Using a SOC report in an Integrated Audit: Controls Performed by a Service Organization
Not all controls are performed internally, as there is an increased use of service organizations to handle various aspects of each business. If a service organization is used to perform a business process relating to a significant account or obtains services from another organization that are part of the company’s information system, the controls performed by this service organization must be evaluated.
Two examples of these cases may be when the entire payroll function is outsourced, or when servers containing financial data and/or applications processing financial transactions reside in a data center owned and managed by a third party.
If this is the case, it will be necessary for the auditor to understand how the controls performed by the service organization are relevant to the company being audited. This can be done two ways. One is by reviewing a System and Organization Controls (SOC) report, detailed below, or by performing the tests of the controls at the service organization. This requires additional auditing steps – which can be found at our other post here “Subservice Organizations: Carve-out Audit vs. Inclusive Audit Methods.”
Using a SOC Report
The controls performed by the service organization should be evaluated, but it is not usually feasible to send auditor to the service organization for a control audit. In this case, SOC reports can be used. A SOC report is published by a CPA firm and documents their independent opinion on the design and/or operating effectiveness of internal controls relevant to the services provided to their customers. An auditor can obtain the SOC report from the service organization, and review the report for controls relevant to the services utilized.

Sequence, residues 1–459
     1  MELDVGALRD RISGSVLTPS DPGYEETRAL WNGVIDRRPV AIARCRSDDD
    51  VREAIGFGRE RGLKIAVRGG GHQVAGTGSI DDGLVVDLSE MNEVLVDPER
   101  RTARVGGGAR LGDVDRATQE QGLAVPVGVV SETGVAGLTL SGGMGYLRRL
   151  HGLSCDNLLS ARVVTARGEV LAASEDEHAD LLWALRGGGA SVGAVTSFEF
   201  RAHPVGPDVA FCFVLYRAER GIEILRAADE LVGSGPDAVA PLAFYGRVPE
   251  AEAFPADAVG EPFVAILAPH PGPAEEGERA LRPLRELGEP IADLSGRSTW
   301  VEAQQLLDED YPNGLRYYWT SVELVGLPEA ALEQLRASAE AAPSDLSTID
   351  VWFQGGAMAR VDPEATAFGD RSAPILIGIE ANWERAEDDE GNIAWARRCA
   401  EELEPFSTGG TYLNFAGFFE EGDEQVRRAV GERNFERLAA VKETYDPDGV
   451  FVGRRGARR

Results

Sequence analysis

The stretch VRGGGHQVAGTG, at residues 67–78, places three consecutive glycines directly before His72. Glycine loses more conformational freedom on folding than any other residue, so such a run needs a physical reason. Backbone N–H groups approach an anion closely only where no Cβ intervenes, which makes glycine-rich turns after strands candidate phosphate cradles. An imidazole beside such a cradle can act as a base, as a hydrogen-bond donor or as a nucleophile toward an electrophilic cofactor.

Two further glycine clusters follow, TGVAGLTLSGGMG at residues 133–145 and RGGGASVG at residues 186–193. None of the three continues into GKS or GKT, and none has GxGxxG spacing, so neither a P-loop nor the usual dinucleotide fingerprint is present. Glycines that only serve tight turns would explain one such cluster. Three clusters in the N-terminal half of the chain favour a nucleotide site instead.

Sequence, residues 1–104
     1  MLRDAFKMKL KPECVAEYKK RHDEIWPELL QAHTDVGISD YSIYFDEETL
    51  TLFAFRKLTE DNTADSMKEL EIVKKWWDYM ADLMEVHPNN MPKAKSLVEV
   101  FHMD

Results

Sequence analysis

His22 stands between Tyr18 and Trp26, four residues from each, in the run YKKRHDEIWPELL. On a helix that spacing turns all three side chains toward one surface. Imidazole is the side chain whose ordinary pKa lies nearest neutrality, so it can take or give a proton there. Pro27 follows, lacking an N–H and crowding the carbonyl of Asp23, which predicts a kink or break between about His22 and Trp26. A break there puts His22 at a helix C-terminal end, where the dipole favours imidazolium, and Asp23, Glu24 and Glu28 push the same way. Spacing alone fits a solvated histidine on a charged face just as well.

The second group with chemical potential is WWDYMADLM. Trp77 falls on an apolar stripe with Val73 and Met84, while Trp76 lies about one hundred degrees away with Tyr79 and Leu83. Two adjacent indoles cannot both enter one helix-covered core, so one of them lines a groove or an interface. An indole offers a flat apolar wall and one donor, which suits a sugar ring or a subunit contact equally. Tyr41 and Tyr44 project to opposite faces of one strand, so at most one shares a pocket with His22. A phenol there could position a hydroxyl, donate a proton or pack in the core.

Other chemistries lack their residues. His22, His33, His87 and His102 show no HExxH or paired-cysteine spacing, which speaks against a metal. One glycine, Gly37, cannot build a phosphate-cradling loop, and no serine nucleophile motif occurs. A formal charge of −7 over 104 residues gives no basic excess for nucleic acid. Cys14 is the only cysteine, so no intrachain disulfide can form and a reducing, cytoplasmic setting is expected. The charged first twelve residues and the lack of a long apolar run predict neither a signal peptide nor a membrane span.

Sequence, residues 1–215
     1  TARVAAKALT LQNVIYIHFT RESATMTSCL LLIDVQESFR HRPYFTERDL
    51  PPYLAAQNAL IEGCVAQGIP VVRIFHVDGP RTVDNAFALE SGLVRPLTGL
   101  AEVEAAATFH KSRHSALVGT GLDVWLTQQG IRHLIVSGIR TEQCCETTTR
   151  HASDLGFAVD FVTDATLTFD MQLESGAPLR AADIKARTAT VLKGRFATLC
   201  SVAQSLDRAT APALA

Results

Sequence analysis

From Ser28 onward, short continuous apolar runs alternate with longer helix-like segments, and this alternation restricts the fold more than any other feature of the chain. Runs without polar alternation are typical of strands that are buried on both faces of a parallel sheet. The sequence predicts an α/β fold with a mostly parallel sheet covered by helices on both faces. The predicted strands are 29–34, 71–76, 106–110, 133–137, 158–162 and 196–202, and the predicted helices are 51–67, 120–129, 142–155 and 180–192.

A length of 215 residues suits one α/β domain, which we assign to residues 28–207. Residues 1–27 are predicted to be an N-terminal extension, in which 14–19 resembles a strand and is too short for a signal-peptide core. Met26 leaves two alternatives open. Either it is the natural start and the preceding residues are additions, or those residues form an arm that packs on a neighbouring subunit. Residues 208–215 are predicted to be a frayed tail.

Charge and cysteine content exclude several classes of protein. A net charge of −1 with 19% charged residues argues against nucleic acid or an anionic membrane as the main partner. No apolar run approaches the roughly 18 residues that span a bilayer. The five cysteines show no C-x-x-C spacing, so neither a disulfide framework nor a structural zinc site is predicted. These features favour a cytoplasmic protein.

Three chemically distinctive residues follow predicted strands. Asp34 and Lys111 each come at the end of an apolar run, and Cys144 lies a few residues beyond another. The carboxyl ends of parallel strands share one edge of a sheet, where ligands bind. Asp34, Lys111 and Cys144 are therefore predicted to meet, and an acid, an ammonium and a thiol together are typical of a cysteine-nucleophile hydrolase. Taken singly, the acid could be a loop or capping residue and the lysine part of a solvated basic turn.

The SOC report can provide a level of comfort that the service organization has controls in place around the significant outsourced services. Although the SOC report is used in forming the audit opinion, the auditor should not mention or reference the SOC report in the opinion paragraph of the Independent Auditor’s Report.
PCAOB Auditing Standards 2601 provide additional detailed guidance on the audit impact of an entity’s use of a service organization.
Also see the following Linford & Co’s past blog post for more information:
- SOC reports relate to Management Assertions: Management’s Assertion and SOC Reports.
- What is a SOC 2 Report? Expert Advice You Need to Know
- What is a SOC 1 Report? Expert Advice You Need to Know
- SOC 1 vs. SOC 2 – What is the Difference and How do you Know What you Need?
Jaclyn Finney started her career as an auditor in 2009. She started with Linford & Co., LLP. in 2016 and is currently a manager with the firm. She is a CISA with a special focus on SOC, HITRUST, FedRAMP and royalty examinations. Jaclyn works with her clients to provide a process that meets the needs of each customer and generates a tailored report that is useful to the client and the users of the report.